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Dream Eater Merry Blu-ray Anime Review

9 min read

Stranded for years from her dream realm home, Merry finds herself caught up in a lot of danger.

What They Say:
Sometimes daydreaming can get you into trouble, but what do you do when it’s other people’s dreams that you have to watch out for? Yumeji Fujiwara has the unique ability to predict what kind of dreams other people will have, but lately, his own dreams have taken a bizarre turn in which he’s being pursued by armies of cats. Stranger yet, Yumeji learns that the leader of the dream cats needs his body to access the Real World.

Finally, the strange becomes downright weird when a beautiful girl suddenly drops on top of him and announces that she’s a Dream Demon looking for a way back to the Dream World! The fabric that separates reality and fantasy is torn to shreds, and Yumeji has a lot of sleepless nights ahead of him as he has to deal with both the dream stalking and a dream walking!

Contains episodes 1-13.

The Review:
Audio:
The audio presentation for this release is solid as it gives us the original Japanese language track and the new English language mix in DTS-HD MA lossless form, both of which are in stereo. The show has a very good mix of action and dialogue to it but does its action in a way that keeps rather distinct rather than overflowing across the screen. Placement is key here and good use of when to go big and when to work smaller effects. When it comes to the dialogue, it follows a similar pattern as it deals with a number of characters across the screen at a time, and in action scenes as well, while handling both the big and small moments. There are some very good scenes to be had here between just Merry and Yumeji that are quite endearing because of how personal it feels while still dealing with somewhat superficial moments. The sound mix does a very good job overall and captures the tone and the feel of the series well. We didn’t have any dropouts or distortions during regular playback.

Video:
Originally airing in early 2011, the transfer for this series is presented in its original aspect ratio of 1.78:1 in 1080p using the AVC codec. The show runs for thirteen episodes and is spread across two discs with nine on the first disc and four on the second with another episode’s worth of clean opening and closing sequences. The animation design by JC Staff for this series is very strong and the transfer here captures it really, really well. Colors have a great amount of pop to them, there’s some excellent depth in the darker scenes that lets the detail stand out and when the high motion sequences kick in, it’s all handled cleanly and without problem. Colors look great here and the show has no problems with cross coloration or line noise and nothing to really have issue with when it comes to background noise.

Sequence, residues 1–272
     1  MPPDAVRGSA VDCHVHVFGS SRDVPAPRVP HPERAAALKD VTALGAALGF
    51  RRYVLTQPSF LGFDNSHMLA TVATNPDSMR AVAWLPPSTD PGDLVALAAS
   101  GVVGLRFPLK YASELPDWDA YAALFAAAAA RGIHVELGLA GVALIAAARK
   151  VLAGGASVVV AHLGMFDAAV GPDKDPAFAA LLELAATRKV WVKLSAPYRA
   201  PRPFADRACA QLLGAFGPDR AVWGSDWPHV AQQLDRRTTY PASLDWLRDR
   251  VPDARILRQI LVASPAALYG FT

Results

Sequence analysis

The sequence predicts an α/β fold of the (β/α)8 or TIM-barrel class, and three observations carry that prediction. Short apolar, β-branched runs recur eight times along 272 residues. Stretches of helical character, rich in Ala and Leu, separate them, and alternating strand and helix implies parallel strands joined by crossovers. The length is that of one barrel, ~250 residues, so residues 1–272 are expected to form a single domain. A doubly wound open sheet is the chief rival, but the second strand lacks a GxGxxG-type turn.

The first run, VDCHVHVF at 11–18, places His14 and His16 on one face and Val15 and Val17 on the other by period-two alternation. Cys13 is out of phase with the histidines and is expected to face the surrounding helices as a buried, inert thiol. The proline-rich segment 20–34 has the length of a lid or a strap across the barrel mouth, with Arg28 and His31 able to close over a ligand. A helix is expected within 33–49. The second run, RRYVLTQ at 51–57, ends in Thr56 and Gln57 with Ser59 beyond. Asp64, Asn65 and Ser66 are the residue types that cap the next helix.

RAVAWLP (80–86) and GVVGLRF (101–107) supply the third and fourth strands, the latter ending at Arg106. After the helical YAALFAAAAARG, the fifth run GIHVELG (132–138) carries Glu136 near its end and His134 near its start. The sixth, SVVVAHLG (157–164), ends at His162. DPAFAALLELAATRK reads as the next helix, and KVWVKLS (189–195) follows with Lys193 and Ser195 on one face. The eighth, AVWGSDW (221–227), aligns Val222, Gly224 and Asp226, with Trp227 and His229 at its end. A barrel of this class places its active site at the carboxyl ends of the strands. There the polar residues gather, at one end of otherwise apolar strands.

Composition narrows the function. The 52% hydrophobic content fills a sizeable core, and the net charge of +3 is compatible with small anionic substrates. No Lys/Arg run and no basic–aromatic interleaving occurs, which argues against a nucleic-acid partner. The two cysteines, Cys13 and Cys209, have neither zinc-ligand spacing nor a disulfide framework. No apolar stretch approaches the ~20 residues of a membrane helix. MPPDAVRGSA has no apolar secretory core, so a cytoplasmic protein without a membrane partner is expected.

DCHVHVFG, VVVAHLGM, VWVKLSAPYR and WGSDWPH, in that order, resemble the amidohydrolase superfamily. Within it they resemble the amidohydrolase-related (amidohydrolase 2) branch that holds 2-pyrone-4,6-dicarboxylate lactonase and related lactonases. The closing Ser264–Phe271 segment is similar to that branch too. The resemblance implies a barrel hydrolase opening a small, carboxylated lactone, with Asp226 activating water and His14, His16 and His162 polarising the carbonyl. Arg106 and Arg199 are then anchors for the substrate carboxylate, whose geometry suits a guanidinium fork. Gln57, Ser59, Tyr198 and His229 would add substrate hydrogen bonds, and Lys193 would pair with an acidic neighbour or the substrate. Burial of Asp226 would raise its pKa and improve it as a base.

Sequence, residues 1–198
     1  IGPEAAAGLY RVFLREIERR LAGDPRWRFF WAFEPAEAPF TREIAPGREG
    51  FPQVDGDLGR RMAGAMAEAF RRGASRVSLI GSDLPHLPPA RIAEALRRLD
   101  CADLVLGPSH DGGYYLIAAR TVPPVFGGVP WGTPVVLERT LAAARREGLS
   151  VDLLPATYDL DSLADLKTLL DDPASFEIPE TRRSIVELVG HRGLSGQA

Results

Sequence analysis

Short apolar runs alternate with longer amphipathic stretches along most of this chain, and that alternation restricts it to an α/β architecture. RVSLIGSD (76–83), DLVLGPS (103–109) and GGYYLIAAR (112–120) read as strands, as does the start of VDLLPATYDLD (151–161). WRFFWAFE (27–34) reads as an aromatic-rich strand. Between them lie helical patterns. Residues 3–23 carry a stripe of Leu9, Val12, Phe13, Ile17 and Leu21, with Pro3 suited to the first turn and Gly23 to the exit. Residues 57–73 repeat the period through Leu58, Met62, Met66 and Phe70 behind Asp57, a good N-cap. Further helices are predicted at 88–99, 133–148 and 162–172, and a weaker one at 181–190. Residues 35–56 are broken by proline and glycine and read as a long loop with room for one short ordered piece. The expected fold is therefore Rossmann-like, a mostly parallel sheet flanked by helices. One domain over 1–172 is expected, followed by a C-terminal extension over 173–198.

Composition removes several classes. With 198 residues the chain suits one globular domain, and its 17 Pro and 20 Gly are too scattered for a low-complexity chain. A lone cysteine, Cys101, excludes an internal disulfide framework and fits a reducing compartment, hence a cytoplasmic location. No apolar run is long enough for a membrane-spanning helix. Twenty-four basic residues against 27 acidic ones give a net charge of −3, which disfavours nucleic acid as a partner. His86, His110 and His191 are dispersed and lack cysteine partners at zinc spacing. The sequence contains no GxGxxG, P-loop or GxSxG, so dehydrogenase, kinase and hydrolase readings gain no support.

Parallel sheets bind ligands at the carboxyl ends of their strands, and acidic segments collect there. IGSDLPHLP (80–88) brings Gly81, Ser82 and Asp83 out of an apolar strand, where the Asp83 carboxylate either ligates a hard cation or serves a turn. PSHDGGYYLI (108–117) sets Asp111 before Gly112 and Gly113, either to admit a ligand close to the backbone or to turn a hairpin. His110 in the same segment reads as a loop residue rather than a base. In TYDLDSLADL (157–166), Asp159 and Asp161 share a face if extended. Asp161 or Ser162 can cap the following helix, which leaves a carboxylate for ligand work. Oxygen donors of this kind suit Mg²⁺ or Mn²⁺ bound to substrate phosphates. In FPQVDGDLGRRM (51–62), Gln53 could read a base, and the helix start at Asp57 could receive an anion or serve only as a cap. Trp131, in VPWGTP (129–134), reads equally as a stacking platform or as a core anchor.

Packaging:
The packaging for this release is simple in its approach but works well enough as it’s in a standard Blu-ray case that has but a single piece of character artwork on it. The front cover runs with a soft purple background with a splash of white along the top while the foreground is made up of a serious looking image of Merry. She’s a character that looks good in show but in still form, and with the expression here, is kind of comical when she’s trying to be serious. The cover has a simple look to it overall and it draws your attention with the skewed logo as well. The back cover throws things at angles as well, though not as strongly, with things like the tagline, the overall concept idea and even the images from the show. There’s some cuter pieces here with how Merry looks and that definitely gives it a bit more of a fun feeling. The show sells itself well here overall with all the elements combined. The production information covers both sides well and the technical information is well laid out and accurate. No show related inserts are included nor is there a reversible cover.

Menu:
The menu design for this release is pretty nice as it has a darker feel to it as the left side has the navigation with black bars, mixing in some of the blue and purple backgrounds, while having a surprisingly good choice of pink for the episode numbers. Titles are kept white and it’s all very easy to read and move about it. The right side of the screen keeps to artwork from the show, such as the first menu using character artwork similar to what we see on the cover itself, just in a different pose. With the blue and purple background and more characters used for it, it’s a very appealing and atmospheric piece that really does set the mood just right for the show. Submenus load quickly and the navigation is spot on as the pop-up menu as well. The show defaults to English with sign/song subtitles.

Extras:
The only extras included on this release are the clean versions of the opening and closing sequences that are on the second disc.

Content: (please note that content portions of a review may contain spoilers)